Have you ever wondered what goes on in a Muslim mosque or gathering of Muslim believers? Recently, I decided to find out.
When we arrived at the Islamic Center of Golden, there were no burning Israeli flags to greet us. Instead, there was a smiling man from Libya holding open the door and showing us where we could keep our shoes while we walked on the fine carpets. There were no “Death to America” chants, but an abundantly stocked table with tea, Arabic coffee, donuts, candied date palms and orange juice for guests. Our female hosts had bright eyes framed by beautiful headscarves and smiled warmly, but somewhat nervously, as they offered us refreshments and welcome.
As it was already past noon, we were whisked into the main room of the mosque to witness and, if we wished, to participate in prayers. Omar, originally from the United Kingdom, formally welcomed us to the Islamic Center of Golden and introduced Osama (a graduate student at Mines originally from UAE) who lead the community in prayers. Osama’s rich and beautiful voice recited the call to prayer as those who wanted to pray lined up, shoulder to shoulder, facing northeast towards Mecca. Women and men prayed together, though in different rows, in beautiful solidarity as Osama then chanted prompts in Arabic and we went through a series of nods, bows, and prostrations to the Almighty. Whether we call this Creator by the Hebrew name Yahweh or simply know Abraham’s patron as God or Allah (al-lah, “The God”), there was a beautiful sense of peace as all prayed together. Man and woman; Christian and Muslim; young and old.
The mosque is beautiful in its simplicity. Formally a home or office, the non-structural walls had been removed and to facilitate community gathering and worship. There is an embroidered cloth with the Shahada (the essential Muslim prayer akin to the Shema of Judaism or the Our Father of Christianity) on the wall in the foyer. On the left an antechamber for ritual washing and on the right, there was a hospitality table of refreshments. The main open space of the mosque has a deep maroon carpet and white walls bare of anything but an occasional bookcase with green bound copies of the Holy Qu’ran. There are no pews and barely any furniture, save for some chairs on the side for elderly or infirm. On the northeastern side of the building, there was a wall-mounted mihrab indicating the direction of Mecca as well as the times for prayer.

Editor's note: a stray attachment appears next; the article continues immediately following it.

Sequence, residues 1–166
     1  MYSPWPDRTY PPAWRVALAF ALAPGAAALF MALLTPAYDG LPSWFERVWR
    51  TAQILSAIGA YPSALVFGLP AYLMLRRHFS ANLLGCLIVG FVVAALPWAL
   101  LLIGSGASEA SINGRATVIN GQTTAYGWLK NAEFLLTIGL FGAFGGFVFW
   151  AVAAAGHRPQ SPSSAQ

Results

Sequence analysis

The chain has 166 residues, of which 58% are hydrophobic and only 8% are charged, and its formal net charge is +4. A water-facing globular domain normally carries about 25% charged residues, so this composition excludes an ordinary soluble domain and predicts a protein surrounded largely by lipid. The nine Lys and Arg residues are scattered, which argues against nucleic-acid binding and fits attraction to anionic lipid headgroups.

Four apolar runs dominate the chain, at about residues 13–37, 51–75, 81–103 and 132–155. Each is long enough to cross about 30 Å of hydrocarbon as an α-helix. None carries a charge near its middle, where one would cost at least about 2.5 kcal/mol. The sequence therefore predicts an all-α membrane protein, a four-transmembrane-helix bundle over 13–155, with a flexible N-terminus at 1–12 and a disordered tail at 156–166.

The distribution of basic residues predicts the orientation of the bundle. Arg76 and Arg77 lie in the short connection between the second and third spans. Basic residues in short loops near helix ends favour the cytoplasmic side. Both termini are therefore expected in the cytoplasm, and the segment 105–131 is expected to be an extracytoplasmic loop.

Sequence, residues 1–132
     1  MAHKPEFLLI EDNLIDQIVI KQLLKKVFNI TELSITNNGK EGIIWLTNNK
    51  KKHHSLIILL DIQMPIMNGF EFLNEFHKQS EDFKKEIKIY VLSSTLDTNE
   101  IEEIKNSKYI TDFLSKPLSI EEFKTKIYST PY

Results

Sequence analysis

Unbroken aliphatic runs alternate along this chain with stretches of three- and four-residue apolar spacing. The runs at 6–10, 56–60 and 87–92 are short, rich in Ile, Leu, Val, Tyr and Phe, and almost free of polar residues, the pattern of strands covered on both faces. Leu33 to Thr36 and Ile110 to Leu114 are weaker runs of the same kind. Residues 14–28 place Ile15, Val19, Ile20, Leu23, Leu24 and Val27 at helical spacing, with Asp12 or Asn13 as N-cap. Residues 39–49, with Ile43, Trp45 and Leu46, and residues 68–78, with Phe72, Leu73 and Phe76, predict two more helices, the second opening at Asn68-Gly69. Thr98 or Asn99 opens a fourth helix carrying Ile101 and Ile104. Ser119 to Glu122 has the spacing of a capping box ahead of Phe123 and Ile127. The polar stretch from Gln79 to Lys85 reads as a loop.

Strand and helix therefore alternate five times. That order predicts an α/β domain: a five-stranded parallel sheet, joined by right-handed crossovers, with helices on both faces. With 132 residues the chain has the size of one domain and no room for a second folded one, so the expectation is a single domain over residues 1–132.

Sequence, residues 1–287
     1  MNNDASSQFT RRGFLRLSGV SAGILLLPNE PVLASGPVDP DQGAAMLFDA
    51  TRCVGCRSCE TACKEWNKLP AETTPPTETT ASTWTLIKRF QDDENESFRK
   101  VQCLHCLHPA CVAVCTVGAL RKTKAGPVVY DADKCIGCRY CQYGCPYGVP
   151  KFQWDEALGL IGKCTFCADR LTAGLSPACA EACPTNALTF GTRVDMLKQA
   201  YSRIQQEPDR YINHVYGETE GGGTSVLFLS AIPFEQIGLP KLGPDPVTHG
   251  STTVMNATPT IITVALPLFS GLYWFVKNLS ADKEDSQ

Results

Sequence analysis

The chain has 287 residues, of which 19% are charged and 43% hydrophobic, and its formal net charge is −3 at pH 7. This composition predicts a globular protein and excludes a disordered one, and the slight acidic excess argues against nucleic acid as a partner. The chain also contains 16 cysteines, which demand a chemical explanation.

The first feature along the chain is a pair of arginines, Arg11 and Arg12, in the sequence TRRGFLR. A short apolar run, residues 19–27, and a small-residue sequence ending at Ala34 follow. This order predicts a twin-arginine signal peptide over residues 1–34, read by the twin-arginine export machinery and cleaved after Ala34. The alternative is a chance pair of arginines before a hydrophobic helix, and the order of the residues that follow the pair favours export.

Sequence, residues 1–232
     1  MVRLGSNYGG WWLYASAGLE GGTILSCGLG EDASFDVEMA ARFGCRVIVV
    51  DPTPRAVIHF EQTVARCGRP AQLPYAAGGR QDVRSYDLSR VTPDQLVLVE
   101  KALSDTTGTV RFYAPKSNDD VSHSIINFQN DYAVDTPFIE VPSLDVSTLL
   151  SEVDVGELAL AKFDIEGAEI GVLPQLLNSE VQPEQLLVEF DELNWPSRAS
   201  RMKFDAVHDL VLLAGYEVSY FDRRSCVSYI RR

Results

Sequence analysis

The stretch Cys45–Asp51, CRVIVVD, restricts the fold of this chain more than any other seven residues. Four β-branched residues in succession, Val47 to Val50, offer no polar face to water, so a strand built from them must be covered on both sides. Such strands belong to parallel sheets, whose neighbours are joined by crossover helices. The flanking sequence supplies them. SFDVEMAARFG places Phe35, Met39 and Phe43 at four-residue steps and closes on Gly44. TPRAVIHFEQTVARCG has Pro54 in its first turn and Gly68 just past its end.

After our welcome and prayer, Omar introduced other members of the ICG’s community who were present and asked us about our first impressions and what initial questions we had. Then, as we sat upon the lush carpet, Omar began a presentation on Islam and its unique place within the family of the Abrahamic monotheistic religions. Almost as a Shakespearian comic relief, the presentation was interrupted here and there by injections from a Pakistani Muslim woman who had come with the LUCC community. Omar patiently paused and gave the elder woman the honorific title of “Auntie” even though he had never met her before that day. Auntie kept Omar on schedule as we learned more about both the traditions of Islam as well as the similarities between Islam and Christianity.
The highlight of our community’s visit to the Islamic Center of Golden was undoubtedly the “intermission” during Omar’s presentation. At that point, while we were invited to refresh ourselves and stretch our legs, the female Muslims present took turns helping members of LUCC to try the beautiful hijab headscarves. What followed was a warm back and forth between the women of two faiths, communicated in broken English, warm smiles and plenty of laughs.
What I will remember from our tour of the Islamic Center of Golden, however, is not the variety of accents, nor the headscarves or candied date palms. I will not remember the terms and rituals that were so unfamiliar to me. I will remember the laughs, the smiles. I will remember Omar, standing there in his Bronco’s t-shirt, pronouncing “zero” as “naught” in his British accent and how “Auntie” kept interrupting him. I will remember soberly how he asked rhetorically why Muslims should have to be defined by the violent and vile actions of those who act against the teachings of Islam and Christianity alike. But most of all, I will remember how easily strangers became friends and how strange ideas came to be understood and respected. Maybe, just maybe, there is hope for peace after all.